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  • Writer's pictureShernel Thielman

Vatican Teams Up with VW for Eco-Friendly Drive Toward Carbon Neutrality

In early November, Pope Francis, in a 7,000-word document titled "Praise God," issued a poignant warning about the impending environmental crisis, emphasizing the undeniable signs of climate change. This message was addressed to "All people of good will on the climate crisis."

Acknowledging internal differences within the Catholic Church on the issue, the Pope underscored the urgency of addressing the environmental challenges. He criticized the U.S. for having per-capita emissions twice as high as China and seven times greater than in poor countries.

In line with its commitment to environmental responsibility, the Vatican recently joined forces with German carmaker Volkswagen AG to transition its auto fleet to electric vehicles (EVs). This collaboration, falling under the Vatican’s “Ecological Conversion 2030” plan, aims to pursue sustainable, carbon-neutral projects and technologies within the city-state.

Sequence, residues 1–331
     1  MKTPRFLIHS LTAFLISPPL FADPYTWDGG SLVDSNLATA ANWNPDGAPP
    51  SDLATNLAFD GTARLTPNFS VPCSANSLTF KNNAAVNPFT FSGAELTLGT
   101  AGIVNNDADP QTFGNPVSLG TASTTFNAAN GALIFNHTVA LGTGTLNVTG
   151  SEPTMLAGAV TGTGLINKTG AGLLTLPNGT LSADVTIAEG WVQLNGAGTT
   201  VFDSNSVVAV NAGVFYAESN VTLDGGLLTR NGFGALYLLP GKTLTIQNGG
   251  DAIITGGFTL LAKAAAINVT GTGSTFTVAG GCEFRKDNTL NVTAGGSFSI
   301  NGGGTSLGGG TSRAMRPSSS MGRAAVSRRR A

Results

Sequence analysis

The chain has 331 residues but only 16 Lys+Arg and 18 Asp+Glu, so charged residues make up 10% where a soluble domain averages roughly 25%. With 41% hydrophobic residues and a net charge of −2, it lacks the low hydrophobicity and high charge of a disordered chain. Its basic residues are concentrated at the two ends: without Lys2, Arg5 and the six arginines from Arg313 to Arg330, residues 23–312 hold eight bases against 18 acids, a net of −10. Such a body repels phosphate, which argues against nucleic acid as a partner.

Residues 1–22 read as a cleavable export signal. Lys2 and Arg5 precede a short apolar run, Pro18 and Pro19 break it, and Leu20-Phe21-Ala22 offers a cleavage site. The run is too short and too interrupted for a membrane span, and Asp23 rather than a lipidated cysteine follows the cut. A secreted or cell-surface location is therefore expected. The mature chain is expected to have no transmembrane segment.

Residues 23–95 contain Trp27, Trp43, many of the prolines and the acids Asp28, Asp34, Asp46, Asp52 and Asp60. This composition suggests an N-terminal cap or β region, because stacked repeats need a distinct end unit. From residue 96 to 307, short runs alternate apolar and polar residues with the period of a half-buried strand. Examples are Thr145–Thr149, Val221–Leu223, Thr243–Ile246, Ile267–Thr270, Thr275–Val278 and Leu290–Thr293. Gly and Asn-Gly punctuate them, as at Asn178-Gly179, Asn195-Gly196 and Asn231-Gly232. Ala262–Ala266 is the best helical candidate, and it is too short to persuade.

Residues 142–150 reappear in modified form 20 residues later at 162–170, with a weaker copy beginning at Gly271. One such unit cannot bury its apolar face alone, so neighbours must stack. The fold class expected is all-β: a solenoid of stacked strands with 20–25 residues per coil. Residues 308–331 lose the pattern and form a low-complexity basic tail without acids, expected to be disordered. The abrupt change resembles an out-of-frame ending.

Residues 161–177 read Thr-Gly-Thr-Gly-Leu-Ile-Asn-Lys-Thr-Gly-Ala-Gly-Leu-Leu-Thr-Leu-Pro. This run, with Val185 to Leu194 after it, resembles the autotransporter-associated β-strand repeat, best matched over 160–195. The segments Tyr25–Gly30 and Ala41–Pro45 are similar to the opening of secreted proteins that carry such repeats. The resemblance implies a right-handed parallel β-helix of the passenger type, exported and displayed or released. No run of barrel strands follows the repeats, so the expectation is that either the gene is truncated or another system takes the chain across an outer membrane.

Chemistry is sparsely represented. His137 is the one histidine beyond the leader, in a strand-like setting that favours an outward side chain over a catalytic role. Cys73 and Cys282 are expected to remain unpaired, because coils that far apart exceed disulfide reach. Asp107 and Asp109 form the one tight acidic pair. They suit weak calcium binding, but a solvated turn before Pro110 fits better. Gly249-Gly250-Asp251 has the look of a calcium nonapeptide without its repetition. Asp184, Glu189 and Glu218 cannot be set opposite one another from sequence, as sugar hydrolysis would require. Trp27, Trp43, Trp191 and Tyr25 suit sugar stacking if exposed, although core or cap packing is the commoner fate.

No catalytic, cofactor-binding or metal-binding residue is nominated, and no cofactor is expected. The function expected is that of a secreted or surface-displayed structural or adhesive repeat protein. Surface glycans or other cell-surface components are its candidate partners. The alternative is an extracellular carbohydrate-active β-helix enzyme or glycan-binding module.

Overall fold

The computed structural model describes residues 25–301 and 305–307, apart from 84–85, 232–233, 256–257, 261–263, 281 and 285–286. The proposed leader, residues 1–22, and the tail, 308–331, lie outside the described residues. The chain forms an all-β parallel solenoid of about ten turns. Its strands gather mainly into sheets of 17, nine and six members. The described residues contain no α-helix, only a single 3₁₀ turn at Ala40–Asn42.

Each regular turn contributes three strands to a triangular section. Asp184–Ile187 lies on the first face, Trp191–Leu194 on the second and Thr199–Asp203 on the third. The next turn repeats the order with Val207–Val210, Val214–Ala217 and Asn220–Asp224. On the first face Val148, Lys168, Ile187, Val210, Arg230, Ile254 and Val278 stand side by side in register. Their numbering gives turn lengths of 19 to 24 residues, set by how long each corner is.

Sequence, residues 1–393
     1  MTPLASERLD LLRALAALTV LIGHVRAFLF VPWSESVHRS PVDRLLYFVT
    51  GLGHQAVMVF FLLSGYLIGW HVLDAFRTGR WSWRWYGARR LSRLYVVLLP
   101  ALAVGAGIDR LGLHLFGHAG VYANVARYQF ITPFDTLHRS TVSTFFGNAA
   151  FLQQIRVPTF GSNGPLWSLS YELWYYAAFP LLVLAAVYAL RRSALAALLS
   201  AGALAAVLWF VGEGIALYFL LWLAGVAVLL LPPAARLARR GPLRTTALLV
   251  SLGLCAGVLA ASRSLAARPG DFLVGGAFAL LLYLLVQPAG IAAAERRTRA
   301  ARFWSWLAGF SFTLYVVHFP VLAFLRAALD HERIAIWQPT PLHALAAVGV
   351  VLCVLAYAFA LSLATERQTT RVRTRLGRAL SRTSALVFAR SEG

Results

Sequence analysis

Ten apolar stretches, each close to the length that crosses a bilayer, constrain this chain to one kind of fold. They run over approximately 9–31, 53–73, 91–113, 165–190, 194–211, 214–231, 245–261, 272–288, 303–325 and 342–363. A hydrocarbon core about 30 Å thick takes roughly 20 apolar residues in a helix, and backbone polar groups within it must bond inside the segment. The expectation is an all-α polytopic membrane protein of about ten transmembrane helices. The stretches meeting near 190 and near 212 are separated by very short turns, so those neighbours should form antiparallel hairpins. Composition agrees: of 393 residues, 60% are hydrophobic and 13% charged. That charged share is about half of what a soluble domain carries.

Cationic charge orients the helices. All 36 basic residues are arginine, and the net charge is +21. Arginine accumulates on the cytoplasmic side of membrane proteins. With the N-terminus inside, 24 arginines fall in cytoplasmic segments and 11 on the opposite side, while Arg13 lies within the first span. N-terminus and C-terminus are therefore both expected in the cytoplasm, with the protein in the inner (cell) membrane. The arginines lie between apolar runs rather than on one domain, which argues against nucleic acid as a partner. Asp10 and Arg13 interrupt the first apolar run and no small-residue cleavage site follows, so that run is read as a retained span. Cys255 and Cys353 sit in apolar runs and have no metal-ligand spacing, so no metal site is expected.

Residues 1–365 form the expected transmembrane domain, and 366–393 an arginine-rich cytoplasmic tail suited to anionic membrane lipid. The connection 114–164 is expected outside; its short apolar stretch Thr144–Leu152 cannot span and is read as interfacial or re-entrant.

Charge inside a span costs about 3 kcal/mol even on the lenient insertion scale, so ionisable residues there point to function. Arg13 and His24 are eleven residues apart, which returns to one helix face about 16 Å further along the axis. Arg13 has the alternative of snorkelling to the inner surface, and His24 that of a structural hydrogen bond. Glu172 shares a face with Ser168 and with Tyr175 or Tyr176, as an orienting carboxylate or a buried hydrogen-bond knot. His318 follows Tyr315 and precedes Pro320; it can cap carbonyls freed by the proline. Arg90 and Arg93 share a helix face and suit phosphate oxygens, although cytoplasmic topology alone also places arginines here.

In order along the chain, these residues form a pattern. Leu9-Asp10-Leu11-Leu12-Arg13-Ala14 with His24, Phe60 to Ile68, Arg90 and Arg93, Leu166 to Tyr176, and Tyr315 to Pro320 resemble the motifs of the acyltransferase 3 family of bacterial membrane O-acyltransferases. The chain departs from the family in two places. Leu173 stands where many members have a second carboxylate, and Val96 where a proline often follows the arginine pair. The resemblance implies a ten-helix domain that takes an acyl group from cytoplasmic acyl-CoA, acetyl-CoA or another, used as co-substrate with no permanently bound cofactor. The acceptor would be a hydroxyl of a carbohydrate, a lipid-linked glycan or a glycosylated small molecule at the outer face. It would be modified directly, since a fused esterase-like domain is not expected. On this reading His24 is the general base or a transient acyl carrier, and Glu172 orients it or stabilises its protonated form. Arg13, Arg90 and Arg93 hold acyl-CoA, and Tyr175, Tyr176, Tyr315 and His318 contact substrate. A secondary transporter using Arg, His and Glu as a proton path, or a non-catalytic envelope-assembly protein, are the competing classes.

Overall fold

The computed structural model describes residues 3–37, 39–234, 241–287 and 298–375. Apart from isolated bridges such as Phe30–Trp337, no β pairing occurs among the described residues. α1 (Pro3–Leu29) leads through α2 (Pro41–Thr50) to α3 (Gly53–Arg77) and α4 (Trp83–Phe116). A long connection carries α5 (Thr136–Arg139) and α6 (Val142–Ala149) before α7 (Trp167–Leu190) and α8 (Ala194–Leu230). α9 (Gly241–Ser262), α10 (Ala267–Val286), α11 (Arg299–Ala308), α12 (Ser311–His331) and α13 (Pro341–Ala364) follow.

The Vatican, with its "strategic partner" Volkswagen, plans to gradually replace its auto fleet with EVs by 2030. The partnership includes medium- and long-term leases, indicating Volkswagen's role in the renovation of the state’s car park. The Vatican administration has also pledged to increase the number of charging stations and ensure the city state’s energy needs are exclusively met by renewable sources.

This eco-friendly initiative aligns with previous environmental efforts within the Vatican, where Pope Benedict XVI, dubbed the "green pope," spearheaded sustainability projects, including the installation of solar panels on the main Vatican audience hall.

In a separate development, Volkswagen CEO Oliver Blume expressed optimism about launching an electric car priced at around $22,000 by the latter part of the decade, emphasizing the company's responsibility to bring affordable electric vehicles to a wider market.

Investment Disclaimer: This article is for informational purposes only and does not constitute financial advice. Investors should conduct their own research and seek professional guidance before making investment decisions.

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